One thing I have noticed since adopting a pagan approach to religion is that I have ended up following a daily pattern of work which is JUST religious. I light candles to different gods and an [sic] invoke them. The purpose of this is not magical, as such. It is using a regular rite to connect to the Gods so that when I do need to invoke them, they are not strangers. They know I respect them because every week I have done a little ritual doing just that. It is not worship, really, but it is religion.” (Emphasis mine).

Nick’s point here is certainly more sophisticated than that of Pagans using various Gods from various cultures in spells, after looking them up in a Llewellyn book, – he knows a relationship has to be formed with these deities first. So, yes, def no worship involved in this, the relationship is positioned as subordinate to the magic. And there is nothing wrong with this, from the magical viewpoint. And of course similar magical views of religion and religious figures are expressed by others in the magical and Pagan community. This from Pat Zalewski, whom I admire very much:

Whatever one has to say about Christ, all will agree that His Name evokes a powerful current or force that fills us with the receptive principle, something akin to the Yin of Chinese metaphysics. This principle of receptivity is one that is needed, for when we invoke it, we pave the way for other forces, fused together, to enter our sphere of sensation. The Christ-like energy will then pacify and control it, so that it conforms to our will and can be directed for many different uses. (Secret Inner Order Rituals of the Golden Dawn, emphasis mine).

Others hold similar magical views of religion and Christianity. Golden Dawn adept Aaron Leitch runs a magical curio shop, Doc Solomon’s Occult Curios, where he sells consecrated items for use in traditional Grimiore magic among other things, like Holy Water. He has Holy Orders stemming from one of the Episcopi Vagantes at the turn of the 20th century. He has discussed on Facebook how one may easily perform the Eucharist at home, on one’s own, but a host consecrated by an ordained priest will hold ‘more power’. Such things make sense from a magical view of religion and Christianity, but from a traditional Christian view they make no sense at all.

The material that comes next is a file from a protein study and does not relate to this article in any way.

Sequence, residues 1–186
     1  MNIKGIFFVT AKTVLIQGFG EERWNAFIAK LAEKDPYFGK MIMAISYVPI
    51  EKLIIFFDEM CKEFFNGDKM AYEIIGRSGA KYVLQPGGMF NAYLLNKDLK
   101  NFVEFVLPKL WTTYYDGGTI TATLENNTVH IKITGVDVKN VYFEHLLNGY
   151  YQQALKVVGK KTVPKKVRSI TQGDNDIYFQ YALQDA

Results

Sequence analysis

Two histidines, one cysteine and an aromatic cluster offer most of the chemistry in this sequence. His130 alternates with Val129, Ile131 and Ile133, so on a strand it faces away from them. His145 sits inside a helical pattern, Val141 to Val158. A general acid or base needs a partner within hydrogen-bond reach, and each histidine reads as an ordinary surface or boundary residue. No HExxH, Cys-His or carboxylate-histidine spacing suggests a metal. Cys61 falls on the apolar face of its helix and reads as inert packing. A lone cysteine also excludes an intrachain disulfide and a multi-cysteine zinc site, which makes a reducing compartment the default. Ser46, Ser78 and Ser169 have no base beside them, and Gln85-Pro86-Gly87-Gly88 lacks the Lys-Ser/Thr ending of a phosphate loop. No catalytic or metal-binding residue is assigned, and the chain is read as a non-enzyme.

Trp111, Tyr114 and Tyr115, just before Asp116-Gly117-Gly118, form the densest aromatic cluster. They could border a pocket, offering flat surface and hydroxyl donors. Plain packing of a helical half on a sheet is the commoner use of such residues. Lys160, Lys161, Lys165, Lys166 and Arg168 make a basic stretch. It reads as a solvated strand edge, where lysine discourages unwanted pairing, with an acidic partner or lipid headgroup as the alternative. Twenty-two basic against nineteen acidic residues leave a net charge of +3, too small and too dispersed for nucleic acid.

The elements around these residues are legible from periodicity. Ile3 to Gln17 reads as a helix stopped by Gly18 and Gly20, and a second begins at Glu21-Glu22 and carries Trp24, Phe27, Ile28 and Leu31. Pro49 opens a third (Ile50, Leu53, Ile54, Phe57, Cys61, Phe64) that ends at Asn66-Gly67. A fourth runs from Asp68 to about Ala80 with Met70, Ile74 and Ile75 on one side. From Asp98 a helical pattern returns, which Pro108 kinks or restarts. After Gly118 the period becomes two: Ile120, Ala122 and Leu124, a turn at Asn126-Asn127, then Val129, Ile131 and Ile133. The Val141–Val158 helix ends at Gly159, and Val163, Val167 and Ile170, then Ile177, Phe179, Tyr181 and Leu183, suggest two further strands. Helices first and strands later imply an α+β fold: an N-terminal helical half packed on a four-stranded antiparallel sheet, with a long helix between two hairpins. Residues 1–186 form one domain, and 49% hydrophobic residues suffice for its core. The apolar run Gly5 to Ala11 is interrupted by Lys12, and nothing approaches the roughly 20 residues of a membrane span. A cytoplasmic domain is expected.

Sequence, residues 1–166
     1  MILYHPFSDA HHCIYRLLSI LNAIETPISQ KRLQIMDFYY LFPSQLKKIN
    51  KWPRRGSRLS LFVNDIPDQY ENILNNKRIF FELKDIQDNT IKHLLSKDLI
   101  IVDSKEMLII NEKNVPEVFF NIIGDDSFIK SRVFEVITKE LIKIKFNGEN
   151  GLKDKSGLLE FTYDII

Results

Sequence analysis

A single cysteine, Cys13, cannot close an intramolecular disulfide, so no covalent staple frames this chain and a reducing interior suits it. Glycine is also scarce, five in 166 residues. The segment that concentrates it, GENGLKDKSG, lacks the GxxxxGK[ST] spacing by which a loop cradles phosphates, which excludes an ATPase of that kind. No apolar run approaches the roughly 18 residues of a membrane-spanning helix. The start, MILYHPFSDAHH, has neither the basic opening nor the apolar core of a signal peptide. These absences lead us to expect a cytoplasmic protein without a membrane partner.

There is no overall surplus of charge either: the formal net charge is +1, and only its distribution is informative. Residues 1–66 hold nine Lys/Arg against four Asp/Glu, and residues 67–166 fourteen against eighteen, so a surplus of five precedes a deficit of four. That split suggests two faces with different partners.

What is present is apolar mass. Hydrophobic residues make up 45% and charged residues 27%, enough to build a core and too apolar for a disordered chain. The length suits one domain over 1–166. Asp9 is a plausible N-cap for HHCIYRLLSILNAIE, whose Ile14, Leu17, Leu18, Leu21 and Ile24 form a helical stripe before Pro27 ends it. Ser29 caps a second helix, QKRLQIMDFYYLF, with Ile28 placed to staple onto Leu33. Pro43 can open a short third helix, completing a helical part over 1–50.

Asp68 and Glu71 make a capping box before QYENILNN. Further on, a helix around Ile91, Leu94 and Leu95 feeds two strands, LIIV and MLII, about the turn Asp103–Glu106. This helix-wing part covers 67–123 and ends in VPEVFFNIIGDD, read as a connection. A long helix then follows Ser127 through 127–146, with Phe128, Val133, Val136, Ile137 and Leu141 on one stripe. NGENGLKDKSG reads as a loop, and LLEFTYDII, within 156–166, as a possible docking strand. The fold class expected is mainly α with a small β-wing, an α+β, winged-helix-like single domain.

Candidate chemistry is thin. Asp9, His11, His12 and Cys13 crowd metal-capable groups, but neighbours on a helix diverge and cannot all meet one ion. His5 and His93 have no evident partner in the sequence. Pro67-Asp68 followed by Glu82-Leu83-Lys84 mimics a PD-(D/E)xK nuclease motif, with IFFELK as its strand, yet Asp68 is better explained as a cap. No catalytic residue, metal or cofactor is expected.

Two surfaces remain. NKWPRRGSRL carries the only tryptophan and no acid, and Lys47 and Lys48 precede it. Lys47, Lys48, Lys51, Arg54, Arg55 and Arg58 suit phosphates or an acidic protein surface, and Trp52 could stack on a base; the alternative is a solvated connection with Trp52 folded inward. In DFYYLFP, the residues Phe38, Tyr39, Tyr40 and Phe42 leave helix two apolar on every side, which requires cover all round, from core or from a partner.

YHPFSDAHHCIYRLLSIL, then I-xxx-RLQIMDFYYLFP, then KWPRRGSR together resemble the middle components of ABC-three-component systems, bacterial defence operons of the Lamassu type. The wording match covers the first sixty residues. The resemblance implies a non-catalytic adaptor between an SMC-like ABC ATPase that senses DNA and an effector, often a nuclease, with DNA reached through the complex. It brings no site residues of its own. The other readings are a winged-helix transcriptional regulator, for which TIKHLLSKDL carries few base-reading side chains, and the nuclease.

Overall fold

From any orthodox view Sacraments are not subject to differing ‘power levels’ but are mysteries instituted and performed by Christ. End of. In the Anglican Communion (and I assume Orthodoxy and Roman Catholicism?) the Eucharist cannot be performed by the priest alone: it is a corporate action, not a solo venture.

RR et AC EmblemThese views are strikingly different. I cannot, and am not, saying one is ‘right’ and the other ‘wrong’ in an act of universal judgement. But I do maintain magicians do religion, particularly Christianity, and themselves a disservice when they conflate magical dynamics and worldviews with sacramental and other areas of Christian theology.

Nick’s take on this seems to be: “What each magician does is that they reform their religion until it fits better with the image of god they are working with.” Again, this makes sense from a magical approach, but is contrary to the religious.

One of the key points of religion is conscious and willed surrender of one’s personal concerns, personal images, and personal aesthetics into something greater and more sustaining. Religion is definitely not concerned with reformation from each individual but the reformation of each individual. Folk here may be thinking of religion’s bogeyman status of enforcing strange doctrines and impossible beliefs before breakfast and twice on Sundays. However it is very possible to remain an orthodox Christian and a magician (and it is, imposing western terms, certainly common in Tibetan Buddhism).